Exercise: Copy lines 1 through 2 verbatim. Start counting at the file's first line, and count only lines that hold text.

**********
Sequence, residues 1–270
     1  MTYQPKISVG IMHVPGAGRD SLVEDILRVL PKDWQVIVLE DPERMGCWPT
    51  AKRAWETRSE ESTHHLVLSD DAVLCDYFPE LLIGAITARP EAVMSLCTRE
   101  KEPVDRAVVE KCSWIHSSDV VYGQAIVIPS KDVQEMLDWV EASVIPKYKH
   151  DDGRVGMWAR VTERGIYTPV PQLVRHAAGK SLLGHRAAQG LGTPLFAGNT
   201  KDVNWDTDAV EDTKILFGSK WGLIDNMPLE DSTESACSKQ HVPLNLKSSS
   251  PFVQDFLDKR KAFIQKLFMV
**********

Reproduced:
Sequence, residues 1–270
     1  MTYQPKISVG IMHVPGAGRD SLVEDILRVL PKDWQVIVLE DPERMGCWPT